The Hartford/ ‘Scarborough 11’ zoning fight presents an interesting case leading to debates and disputes on what constitutes a family. While the living arrangement shared by eight adults and three children in a brick mansion with 9 bedrooms located on 68 Scarborough St does not conform to the traditional definition of family for the purpose of residential living, the principles of Catholic Social Teaching identify a better and more humanitarian approach to communal living. When observed strictly under the lens of the principles identified under Catholic Social Teaching, it is noticed that S-11 represents a better and healthier approach to living than the zoning law of the city of Hartford.
The issue leading to the conflict between S-11 and the city of Hartford may be briefly summarized as follows: A house has been collectively bought by some residents, now identified as S-11 in the city of Hartford. Together they constitute eight adults and three children, while “only two of the owners are listed on the mortgage and city property record” (de la Torre, paragraph 3). They live together as a family and have a common bank account, and take turns in doing household chores. However, they are not a family under the legal definition of a family approved by the city’s code, according to which, only “those related by blood, marriage, civil union or legal adoption” come under the strict definition of a family” (de la Torre, paragraph 5).
The neighbors while conceding that the occupants, consisting of two individuals, two couples and their children and a childless couple, are decent people but have claimed at the same time that they have violated zoning laws upholding single family homes. The occupants are now facing cease and desist order in response to which they have made an appeal to the Hartford Zoning board, the competent authority to admit appeals against eviction. The neighbors of this rich locality who are opposed to the occupants staying together in a single family zoning claim that this kind of living arrangement will diminish the quiet character of their affluent neighborhood.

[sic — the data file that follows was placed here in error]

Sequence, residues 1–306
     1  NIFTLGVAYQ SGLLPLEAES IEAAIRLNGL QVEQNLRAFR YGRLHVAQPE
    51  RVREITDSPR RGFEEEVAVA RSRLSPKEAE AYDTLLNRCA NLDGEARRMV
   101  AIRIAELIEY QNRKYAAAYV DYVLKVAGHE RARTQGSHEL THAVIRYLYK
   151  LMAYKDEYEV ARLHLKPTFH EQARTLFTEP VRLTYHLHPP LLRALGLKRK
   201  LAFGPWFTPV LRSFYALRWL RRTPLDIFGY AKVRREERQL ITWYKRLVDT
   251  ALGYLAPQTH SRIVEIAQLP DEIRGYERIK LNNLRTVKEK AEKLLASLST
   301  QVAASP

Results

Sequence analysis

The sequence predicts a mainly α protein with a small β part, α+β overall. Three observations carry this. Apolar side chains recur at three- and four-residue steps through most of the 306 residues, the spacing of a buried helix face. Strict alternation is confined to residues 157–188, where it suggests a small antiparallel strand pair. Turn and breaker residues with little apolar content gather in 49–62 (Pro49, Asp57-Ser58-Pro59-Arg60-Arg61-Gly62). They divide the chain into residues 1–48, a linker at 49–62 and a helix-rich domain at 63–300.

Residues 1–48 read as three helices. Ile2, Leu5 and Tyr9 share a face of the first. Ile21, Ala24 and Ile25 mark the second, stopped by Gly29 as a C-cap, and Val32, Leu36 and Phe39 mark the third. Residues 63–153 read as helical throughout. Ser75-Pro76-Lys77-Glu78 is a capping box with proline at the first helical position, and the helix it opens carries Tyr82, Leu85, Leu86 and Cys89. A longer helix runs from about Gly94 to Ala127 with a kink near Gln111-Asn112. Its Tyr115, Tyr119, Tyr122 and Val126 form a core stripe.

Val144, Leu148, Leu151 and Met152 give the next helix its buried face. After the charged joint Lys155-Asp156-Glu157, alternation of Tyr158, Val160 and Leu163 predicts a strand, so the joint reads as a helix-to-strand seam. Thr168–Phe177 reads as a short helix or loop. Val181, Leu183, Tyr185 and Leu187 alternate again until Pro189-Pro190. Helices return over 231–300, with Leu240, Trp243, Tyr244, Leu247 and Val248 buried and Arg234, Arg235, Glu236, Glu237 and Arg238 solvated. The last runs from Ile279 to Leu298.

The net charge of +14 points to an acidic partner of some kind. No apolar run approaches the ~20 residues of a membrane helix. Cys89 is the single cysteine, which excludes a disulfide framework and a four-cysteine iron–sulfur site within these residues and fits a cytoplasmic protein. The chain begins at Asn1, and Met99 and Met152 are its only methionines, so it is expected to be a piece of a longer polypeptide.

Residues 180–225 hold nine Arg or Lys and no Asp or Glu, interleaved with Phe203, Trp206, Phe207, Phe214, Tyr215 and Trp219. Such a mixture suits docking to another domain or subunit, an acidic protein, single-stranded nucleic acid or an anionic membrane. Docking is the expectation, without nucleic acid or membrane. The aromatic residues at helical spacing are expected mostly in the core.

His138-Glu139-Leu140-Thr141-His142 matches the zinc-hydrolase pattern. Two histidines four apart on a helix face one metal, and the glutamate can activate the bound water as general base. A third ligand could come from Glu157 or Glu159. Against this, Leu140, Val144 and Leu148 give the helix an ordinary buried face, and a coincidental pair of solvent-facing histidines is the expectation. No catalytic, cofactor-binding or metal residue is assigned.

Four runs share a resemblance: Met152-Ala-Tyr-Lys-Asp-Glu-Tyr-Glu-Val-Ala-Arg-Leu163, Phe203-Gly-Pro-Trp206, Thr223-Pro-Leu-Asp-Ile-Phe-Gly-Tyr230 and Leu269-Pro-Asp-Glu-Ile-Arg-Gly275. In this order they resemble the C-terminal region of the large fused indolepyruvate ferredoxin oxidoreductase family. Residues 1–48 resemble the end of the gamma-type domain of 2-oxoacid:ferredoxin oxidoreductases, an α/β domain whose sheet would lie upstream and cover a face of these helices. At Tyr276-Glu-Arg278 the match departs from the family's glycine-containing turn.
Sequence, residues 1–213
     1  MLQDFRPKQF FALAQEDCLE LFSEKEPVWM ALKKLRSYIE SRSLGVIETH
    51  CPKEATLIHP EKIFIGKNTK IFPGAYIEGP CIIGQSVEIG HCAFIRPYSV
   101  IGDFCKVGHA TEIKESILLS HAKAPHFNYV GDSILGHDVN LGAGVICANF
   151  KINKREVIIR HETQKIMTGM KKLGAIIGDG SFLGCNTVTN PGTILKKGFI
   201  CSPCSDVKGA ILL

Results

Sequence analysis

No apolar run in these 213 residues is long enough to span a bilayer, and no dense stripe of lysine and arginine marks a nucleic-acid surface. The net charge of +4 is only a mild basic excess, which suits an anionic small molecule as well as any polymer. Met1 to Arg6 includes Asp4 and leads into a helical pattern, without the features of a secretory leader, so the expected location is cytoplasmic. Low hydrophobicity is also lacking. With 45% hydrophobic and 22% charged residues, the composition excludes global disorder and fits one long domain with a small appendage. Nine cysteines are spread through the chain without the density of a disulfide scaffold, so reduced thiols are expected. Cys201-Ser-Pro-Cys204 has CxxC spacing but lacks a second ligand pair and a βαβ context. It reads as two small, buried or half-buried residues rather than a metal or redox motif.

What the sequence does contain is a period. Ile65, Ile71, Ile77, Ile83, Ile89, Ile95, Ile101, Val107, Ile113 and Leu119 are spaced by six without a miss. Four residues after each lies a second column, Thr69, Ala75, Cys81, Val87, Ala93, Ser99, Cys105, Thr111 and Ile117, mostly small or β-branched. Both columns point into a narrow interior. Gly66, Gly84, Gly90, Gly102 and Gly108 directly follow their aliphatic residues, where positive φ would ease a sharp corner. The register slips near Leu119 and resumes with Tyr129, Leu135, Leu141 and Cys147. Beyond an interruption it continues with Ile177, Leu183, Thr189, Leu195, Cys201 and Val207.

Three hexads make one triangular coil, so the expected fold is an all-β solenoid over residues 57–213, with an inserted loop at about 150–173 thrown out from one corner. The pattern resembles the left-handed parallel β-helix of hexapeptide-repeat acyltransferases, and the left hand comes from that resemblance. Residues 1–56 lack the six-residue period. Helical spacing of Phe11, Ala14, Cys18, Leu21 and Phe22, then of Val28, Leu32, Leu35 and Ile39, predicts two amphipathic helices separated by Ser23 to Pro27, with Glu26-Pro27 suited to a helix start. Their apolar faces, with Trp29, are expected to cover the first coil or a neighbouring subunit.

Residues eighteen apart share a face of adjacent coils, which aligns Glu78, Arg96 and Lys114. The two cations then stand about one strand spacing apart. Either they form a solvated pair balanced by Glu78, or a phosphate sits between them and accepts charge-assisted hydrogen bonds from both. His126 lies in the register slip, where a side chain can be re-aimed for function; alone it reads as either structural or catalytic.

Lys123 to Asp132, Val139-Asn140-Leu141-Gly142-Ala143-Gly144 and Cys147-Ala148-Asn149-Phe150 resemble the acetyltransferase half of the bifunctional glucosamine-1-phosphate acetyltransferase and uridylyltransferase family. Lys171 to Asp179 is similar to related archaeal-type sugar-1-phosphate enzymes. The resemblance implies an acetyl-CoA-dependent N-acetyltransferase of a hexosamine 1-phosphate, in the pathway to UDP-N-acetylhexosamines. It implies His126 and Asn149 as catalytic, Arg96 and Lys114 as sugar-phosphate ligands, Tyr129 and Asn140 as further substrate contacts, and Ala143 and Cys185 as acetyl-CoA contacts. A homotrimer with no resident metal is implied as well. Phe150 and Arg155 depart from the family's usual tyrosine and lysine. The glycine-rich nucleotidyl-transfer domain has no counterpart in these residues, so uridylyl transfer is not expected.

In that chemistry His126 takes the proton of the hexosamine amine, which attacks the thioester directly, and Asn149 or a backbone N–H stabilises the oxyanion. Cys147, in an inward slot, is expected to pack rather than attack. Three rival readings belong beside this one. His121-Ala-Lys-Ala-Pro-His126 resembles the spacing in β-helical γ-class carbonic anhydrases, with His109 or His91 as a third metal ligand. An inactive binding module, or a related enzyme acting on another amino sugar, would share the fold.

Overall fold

Nevertheless, there are other residents in the community who have favored the living arrangement of the occupants. In addition, the contradictory language is also evident in the zoning regulations. For instance, according to one section of the regulation, there can be “a maximum density of 3.6 families per acre in Scarborough’s R-8 zoning district, although it’s not clear that the rule applies to single-family lots” (de la Torre, paragraph 17). This mansion occupies nearly two acres.
The Scarborough 11 has taken the fight to the federal district court challenging the city’s definition of family. The eight adults in their complaint have claimed that “they are part of a functional, taxpaying household that includes three children, but that Hartford's zoning laws forbid them from living together” (de la Torres, paragraph 2).
As far as the S-11 is concerned, there are several arguments in their favor including the violation of their right to personal autonomy and privacy under 14th Amendment, the city’s antiquated and therefore, problematic zoning code, the long tradition of American extended family.
In context of the above controversy, it is evident that the principles of Catholic Social Teaching can be an excellent tool for intervention. Some of the important principles of Catholic Social Teaching include human dignity or respect for the human being, promotion of family and community, protection of property rights against state encroachment, promotion of common good, and the role of government as the promoter of common good. While there are two more principles of CST, the five principles identified above can be meaningfully applied to address the Hartford/S11 dispute. The other two principles of CST include respect for worker and his work and promotion of peace and concern for the poor (Kaczor, 2007).